Updated: Nov 12, 2019
When I was little (and to be clear by “little,” I mean twenty-eight), I longed to have a superpower. I didn’t necessarily want to be a superhero, like Wonder Woman, Cher or Carol Burnett, but I did like the idea of having a secret superpower.
There was one power I craved for years, for almost half my life... and now that I have it, I wish I didn’t.
My superpower was revealed to me one day on a Vermont chairlift on a wintry December morning, between two vaping Gen Z snowboarders with questionable goatee capabilities.
I became invisible.
I am not sure when I acquired this trait, perhaps sometime after marriage and definitely before my most recent birthday (fast approaching the speed limit, and not the one in residential zones).
But there it was, my attempt to exist between two young, hormonally charged males wearing protective helmets and goggles that cost more than my Botox. They did not see me. They talked to each other, across me, over me, and when I commented on something (the “tastiness” of the fresh powder, perhaps) it was as if I’d said nothing at all.
Just to be sure I was there, I used my voice. I yelled to my children skiing below: “Sweet turns, dudes!”
My own children failed to respond. Amazing! So I was invisible to them, too. Strange, they didn’t hear my voice, either. But then, that had happened before.
“So glad the sun’s out....” Yes, it seemed my voice was working. A potential grunt from one of the “men” on either side of me. Did I mention it was a chairlift? That's a place where it's really hard to pretend you don't see someone.
My suspicions were further confirmed later at the après bar when I tried to order a “Chablis.” The bartender, a smoldering blonde wearing a tight black t-shirt and disdainful expression, looked right through me at the tall, handsome, ski instructor to my left. And he was holding two drinks already. Neither one for me, because of course, he couldn't see me either.
Incredible. With great power comes great responsibility (said Spiderman’s Uncle Ben, I think). How would I use my newfound ability?
I had plenty of time to think about it, because it kept happening. In fashion retail shops, where salespeople once bounced over with a joyful “Can I help you?” I was now treated as a stale air molecule. I was perhaps most invisible on public transportation, especially while alone in airports, subways and bus stations, an experience markedly different from when I was an eighteen-year old college student in New York City. Back then I was highly visible, luminous in my own youth, fertility, and let’s be honest, stupidity.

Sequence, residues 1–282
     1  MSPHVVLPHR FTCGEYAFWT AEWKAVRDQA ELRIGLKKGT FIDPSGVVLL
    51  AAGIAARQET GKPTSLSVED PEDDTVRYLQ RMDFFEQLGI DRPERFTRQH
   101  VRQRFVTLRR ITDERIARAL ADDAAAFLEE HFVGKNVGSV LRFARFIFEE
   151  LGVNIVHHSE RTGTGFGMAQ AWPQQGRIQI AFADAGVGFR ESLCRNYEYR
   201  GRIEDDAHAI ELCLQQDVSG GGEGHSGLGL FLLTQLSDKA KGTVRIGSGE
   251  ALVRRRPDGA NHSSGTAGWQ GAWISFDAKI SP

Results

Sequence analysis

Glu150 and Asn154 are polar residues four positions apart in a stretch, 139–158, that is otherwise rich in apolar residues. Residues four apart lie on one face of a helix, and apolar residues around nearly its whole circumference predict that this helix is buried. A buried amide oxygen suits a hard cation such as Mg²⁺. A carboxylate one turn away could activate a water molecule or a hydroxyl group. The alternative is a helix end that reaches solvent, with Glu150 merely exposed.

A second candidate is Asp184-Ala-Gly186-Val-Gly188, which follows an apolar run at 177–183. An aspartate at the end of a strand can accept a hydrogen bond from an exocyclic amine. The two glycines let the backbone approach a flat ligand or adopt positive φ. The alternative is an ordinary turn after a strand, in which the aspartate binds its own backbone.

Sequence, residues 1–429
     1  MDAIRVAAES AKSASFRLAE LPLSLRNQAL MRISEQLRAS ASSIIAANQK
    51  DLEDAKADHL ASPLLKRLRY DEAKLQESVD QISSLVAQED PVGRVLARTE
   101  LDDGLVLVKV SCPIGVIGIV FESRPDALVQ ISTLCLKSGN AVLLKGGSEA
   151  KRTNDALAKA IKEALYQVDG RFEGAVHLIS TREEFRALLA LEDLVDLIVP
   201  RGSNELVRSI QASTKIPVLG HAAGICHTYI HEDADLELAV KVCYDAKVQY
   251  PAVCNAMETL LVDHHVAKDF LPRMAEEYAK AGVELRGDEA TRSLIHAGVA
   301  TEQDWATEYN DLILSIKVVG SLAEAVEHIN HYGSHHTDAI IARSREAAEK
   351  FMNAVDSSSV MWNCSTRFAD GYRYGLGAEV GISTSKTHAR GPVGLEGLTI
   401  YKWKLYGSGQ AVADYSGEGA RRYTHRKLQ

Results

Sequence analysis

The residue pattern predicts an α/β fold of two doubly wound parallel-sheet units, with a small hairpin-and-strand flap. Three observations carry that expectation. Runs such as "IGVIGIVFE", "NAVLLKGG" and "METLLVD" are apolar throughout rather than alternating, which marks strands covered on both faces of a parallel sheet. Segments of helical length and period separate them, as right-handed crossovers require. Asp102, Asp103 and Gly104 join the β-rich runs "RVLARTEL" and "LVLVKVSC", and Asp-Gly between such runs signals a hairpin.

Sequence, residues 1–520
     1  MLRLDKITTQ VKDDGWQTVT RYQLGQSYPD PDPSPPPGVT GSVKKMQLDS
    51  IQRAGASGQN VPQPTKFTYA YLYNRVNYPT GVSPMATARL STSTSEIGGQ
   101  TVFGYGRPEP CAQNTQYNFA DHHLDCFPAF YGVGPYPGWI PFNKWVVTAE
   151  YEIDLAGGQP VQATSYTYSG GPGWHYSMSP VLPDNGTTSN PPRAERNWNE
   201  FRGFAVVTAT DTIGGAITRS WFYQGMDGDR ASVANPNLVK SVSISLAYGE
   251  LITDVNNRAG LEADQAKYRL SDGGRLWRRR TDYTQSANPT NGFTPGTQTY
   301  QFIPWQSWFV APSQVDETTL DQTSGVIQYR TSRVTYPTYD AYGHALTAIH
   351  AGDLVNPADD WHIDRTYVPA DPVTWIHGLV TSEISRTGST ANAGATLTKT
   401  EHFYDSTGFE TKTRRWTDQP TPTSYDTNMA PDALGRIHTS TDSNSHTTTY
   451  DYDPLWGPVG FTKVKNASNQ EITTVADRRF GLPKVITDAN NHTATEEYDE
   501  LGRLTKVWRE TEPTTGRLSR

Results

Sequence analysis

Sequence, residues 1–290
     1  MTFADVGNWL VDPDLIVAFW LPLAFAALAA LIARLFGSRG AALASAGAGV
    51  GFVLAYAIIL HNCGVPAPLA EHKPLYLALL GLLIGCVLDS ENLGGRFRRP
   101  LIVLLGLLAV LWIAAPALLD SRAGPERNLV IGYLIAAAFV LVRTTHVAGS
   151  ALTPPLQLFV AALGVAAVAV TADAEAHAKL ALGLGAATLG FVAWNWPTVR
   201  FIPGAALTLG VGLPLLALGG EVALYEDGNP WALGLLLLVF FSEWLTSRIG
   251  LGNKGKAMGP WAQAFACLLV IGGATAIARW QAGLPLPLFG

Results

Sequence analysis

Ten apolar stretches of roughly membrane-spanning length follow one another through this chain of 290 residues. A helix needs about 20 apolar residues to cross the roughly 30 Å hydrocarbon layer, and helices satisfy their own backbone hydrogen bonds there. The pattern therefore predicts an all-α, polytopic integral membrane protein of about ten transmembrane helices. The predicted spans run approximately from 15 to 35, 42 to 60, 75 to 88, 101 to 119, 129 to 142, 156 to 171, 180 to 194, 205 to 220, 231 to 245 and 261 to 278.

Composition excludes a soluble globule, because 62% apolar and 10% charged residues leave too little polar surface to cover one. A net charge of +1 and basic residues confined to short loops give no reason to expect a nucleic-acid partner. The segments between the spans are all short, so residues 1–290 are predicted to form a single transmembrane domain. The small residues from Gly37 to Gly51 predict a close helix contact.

The new power was perhaps strongest in my own car, while transporting my pre-adolescent children and their friends to various social engagements. I heard all kinds of things they never would have discussed had they realized I was actually in the car and was a cognitive being.
I started to research my new power...was I alone? Had other humans experienced this? It didn’t take long to discover the truth. It was happening everywhere to women of a certain era – let’s call it the “coming-of-middle-age” life zone. Usually they fit a pattern: job, marriage, house, children, in-laws, a kitchen, and the overall self- imposed dogma to excel at all of the above. In general, they were over extended, and had been attractive but were now too exhausted to put much effort into tweaking the package -- unless going out with their best girlfriends (oh, the irony).
It's a long journey from hot to handsome for a woman, and like most journeys, there are nuggets of rock solid wisdom and crushing regret along the way.
Amy Poehler, one of my favorite people I don’t know, spoke of this candidly in her awesome memoir, “Yes Please.” She pointed out a raw truth that I was now discovering, and not just in the relative anonymity of my own car: Being invisible is freeing in a way few things are.
Girls (we're still "girls"), you know what I'm talking about.
While we used to allow at least an hour to get ready (remember "getting ready?") to go out, now we simply... don't go out! So easy. Or if we do, “getting ready” involves making sure we are clothed and fed . Mascara and Blistex application, now the extent of a beauty routine, is generally reserved as a driving activity.
What will we wear tonight? Who cares? No one! Literally. Not even us anymore. Which pants look best? Neither, because no one is looking at us. Why wear pants when a giant sack dress with balloon-like wafer pockets will do? Makes restroom trips to a porta-potty at soccer fields a lot easier, too. Seamless clothing will come roaring back, just wait.
Shoes? Ah, our feet have never been so happy. While it’s true we’ve not yet been lost to complete Velcro territory, shoes with heels or excessive lacing are a thing of our collective past, like string bikinis, snowboarding dudes and wine coolers. We've even been seen in flats at work two days in a row.
Thongs? Unless you mean the old-fashioned word for flip flops, none of that is happening here. Jockey briefs are comfy and absorbent! Sometimes we even wear the ladies’ version.
But the best thing about being invisible is the human truths we stumble upon. Sometimes we see unexpected kindness. We see people flirting. We hear secrets, sometimes about ourselves. We see what people are made of when they think no one is watching. The people that can see us - there are some - are the ones with the real superpower. They're the ones we need more of.